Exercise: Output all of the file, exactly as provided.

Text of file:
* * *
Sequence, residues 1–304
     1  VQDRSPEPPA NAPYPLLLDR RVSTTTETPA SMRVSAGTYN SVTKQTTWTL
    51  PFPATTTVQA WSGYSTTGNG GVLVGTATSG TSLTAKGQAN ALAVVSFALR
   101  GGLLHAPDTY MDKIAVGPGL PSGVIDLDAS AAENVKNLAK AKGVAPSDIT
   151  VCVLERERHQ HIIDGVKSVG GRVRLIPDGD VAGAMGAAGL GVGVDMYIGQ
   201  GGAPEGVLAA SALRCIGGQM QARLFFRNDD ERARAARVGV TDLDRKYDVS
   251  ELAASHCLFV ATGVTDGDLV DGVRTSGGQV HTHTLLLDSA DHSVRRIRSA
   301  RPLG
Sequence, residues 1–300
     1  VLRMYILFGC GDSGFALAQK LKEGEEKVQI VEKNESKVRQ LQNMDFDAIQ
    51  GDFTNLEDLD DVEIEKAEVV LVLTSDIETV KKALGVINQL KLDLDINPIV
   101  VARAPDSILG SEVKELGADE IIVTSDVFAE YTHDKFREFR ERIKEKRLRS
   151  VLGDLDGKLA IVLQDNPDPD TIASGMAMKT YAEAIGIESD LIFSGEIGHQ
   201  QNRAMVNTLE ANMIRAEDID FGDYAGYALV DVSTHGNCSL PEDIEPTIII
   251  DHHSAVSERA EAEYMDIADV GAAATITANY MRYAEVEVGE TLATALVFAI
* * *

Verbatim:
Sequence, residues 1–304
     1  VQDRSPEPPA NAPYPLLLDR RVSTTTETPA SMRVSAGTYN SVTKQTTWTL
    51  PFPATTTVQA WSGYSTTGNG GVLVGTATSG TSLTAKGQAN ALAVVSFALR
   101  GGLLHAPDTY MDKIAVGPGL PSGVIDLDAS AAENVKNLAK AKGVAPSDIT
   151  VCVLERERHQ HIIDGVKSVG GRVRLIPDGD VAGAMGAAGL GVGVDMYIGQ
   201  GGAPEGVLAA SALRCIGGQM QARLFFRNDD ERARAARVGV TDLDRKYDVS
   251  ELAASHCLFV ATGVTDGDLV DGVRTSGGQV HTHTLLLDSA DHSVRRIRSA
   301  RPLG
Sequence, residues 1–300
     1  VLRMYILFGC GDSGFALAQK LKEGEEKVQI VEKNESKVRQ LQNMDFDAIQ
    51  GDFTNLEDLD DVEIEKAEVV LVLTSDIETV KKALGVINQL KLDLDINPIV
   101  VARAPDSILG SEVKELGADE IIVTSDVFAE YTHDKFREFR ERIKEKRLRS
   151  VLGDLDGKLA IVLQDNPDPD TIASGMAMKT YAEAIGIESD LIFSGEIGHQ
   201  QNRAMVNTLE ANMIRAEDID FGDYAGYALV DVSTHGNCSL PEDIEPTIII
   251  DHHSAVSERA EAEYMDIADV GAAATITANY MRYAEVEVGE TLATALVFAI